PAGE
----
The 2001 Foot and Mouth Disease epidemic in the UK, during which millions of animals were culled over a nine-month period, had a devastating and long-lasting impact on individuals and communities. In 2002 the European Parliament noted that policymakers need to have a better understanding of the social and psychological impact of such events on adults and children, on farmers and non-farmers. Although many studies about FMD have been published since 2001, this is the first to offer a detailed examination of the various ways in which the outbreak affected the fabric of rural life and rural culture across classes and across generations. Drawing on the experiences of farmers, the media, artists, writers, children and churches, this collection provides a space for academic inquiry, political and poetic reflection and artistic expression. -- .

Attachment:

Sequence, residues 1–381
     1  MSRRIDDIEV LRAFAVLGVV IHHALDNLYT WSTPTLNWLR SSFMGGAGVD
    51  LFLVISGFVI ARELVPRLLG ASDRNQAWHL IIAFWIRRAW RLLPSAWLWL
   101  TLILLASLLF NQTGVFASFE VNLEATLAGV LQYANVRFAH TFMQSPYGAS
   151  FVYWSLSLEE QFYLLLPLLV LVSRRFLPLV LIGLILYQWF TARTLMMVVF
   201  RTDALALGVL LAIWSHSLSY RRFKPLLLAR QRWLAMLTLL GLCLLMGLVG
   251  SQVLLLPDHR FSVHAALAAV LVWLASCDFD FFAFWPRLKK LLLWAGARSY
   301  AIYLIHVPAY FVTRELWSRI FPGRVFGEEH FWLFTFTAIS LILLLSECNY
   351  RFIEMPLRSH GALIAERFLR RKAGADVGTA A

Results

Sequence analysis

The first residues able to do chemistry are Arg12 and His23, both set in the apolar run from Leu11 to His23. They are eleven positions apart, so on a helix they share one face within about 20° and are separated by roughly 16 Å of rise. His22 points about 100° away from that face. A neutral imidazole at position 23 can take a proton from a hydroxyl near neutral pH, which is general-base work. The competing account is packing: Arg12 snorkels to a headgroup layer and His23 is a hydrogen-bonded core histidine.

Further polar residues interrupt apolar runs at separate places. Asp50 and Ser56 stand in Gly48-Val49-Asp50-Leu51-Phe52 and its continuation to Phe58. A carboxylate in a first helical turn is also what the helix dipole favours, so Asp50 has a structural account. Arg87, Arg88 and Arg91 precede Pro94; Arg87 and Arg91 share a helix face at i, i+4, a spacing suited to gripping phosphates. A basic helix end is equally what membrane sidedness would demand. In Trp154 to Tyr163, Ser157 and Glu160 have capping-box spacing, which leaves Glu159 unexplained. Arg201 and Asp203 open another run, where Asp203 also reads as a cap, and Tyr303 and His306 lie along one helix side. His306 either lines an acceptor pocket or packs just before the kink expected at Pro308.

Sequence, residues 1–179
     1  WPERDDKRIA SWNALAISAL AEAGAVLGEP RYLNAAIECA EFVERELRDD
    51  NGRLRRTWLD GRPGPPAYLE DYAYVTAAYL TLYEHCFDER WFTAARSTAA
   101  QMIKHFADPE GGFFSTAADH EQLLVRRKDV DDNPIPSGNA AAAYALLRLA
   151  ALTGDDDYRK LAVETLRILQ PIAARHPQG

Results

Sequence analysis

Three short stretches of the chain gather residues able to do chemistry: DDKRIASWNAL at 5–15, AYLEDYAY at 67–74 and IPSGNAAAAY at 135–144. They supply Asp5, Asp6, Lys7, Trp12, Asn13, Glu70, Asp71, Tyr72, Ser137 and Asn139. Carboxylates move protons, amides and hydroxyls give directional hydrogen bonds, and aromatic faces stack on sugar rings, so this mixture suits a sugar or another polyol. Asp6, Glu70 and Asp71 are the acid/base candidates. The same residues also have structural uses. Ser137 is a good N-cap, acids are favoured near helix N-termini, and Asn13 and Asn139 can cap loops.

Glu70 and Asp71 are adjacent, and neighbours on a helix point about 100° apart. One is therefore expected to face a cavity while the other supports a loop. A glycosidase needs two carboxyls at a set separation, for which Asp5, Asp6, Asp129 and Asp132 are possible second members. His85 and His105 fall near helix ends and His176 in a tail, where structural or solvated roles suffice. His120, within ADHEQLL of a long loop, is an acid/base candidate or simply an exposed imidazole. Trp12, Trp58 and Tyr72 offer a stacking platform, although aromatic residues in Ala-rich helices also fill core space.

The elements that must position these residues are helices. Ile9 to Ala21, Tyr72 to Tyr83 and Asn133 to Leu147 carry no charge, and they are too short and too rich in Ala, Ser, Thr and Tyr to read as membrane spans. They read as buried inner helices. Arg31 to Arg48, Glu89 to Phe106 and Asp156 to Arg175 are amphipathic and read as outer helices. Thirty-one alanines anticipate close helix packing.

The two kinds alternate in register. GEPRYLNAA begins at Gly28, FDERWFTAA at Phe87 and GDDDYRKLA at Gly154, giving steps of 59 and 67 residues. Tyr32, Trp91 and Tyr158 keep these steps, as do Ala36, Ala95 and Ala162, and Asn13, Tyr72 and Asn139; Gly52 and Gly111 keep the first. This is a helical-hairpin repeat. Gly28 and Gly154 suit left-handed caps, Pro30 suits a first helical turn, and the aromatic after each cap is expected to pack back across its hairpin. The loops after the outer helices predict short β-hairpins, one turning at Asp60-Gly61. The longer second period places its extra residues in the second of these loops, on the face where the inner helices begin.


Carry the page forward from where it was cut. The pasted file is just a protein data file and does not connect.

Martin Doring is Research Fellow at the Research Centre for Biotechnology, Society and the Environment, University of Hamburg Brigitte Nerlich is Professor of Science, Language and Society at the Institute for Science and Society, University of Nottingham